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The future of Epicor ERP is cloud

In this Q&A, Epicor's Himanshu Palsule discusses how the vendor has embraced the cloud, its strategy to expand its product portfolio and its push to broaden its global presence.

Epicor is a 50-year-old ERP vendor that in the past few years has invested in a movement to shed its legacy on-premises product focus to become a cloud-first company.

The vendor's cloud transformation included an overhaul of its venerable Epicor ERP product to become the multi-tenant SaaS product Kinetic earlier this year. Other Epicor ERP products -- including Prophet 21 for distributors, BisTrack Global for lumber and building industries, and CMS for the automotive industry -- also underwent modernizations to become cloud-first products.

The products that Epicor redeveloped for the cloud have helped the company better serve its target market of smaller to midmarket industry-specific enterprises, said Himanshu Palsule, president of Epicor, at the company's recent analyst day event in Boston. In particular, the cloud has enabled Epicor to introduce new functions that helped some customers deal with changes brought on by COVID-19.

In this Q&A, Palsule discusses the vendor's cloud modernization efforts and strategy for growth.

Himanshu Palsule, president, EpicorHimanshu Palsule

What has been Epicor's main focus when transitioning from an on-premises ERP vendor to a cloud-first vendor?

Himanshu Palsule: Epicor started our cloud journey a few years ago, starting with modernizing the products and making sure they work well in the cloud. Then you have to do the things that make the products truly cloud native, including the right level of provisioning, subscriptions, identity and development operations, how to do releases. The second part is doing it in the markets that we serve. That includes areas of manufacturing that are fairly complex, like make-to-order, which could be in medical devices, fabricated metals, industrial supply, aerospace and defense, and doing it at scale.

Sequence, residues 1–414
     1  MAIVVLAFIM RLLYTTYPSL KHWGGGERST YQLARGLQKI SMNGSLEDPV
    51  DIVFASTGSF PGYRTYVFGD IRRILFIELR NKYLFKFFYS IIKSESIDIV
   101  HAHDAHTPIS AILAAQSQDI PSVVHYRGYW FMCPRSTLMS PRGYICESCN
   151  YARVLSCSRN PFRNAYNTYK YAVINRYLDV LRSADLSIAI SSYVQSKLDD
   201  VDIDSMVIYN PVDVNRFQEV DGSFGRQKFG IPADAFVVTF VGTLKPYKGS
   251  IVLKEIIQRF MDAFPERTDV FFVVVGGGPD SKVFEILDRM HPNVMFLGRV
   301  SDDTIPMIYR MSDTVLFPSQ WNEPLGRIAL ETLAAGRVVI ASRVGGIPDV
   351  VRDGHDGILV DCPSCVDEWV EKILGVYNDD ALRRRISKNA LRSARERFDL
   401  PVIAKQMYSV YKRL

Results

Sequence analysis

How did the disruptions last year due to COVID-19 affect Epicor's business?

Palsule: A couple of things happened last year. One is the fact that we serve essential businesses and these are the businesses that thrived through the pandemic, so we had to do work for them. We had to add curbside delivery, we had to add touchless payments, we had to add a low-end e-commerce capability. So we really benefited from the fact that these businesses are in retail or in lumber, and that manufacturing was coming in-house because they couldn't rely on their supply chain. The second thing was that the cloud gained momentum, which was perfect timing for us. We saw growth everywhere in the last year, other than maybe a slight dip in our auto after-market sector because vehicles were sitting in their parking lots.

What are the company's biggest weaknesses that need to be addressed?

Palsule: The first thing we need to address is that we should have a larger international footprint than we have today. We are predominantly still a North American company -- about three-quarters of our business comes from North America and one-quarter internationally. So we have to make sure we have the right channel for global distribution and [doing global] brand investment. The second is about new verticals that we're getting into that we haven't traditionally had a big footprint in before, like process manufacturing or new retail businesses like lawn and gardens. The third area is to broaden our ecosystem. We need a big tent. We have a few dozen ISVs [independent software vendors] that integrate with us today, but we need to be attractive to ISVs around the globe.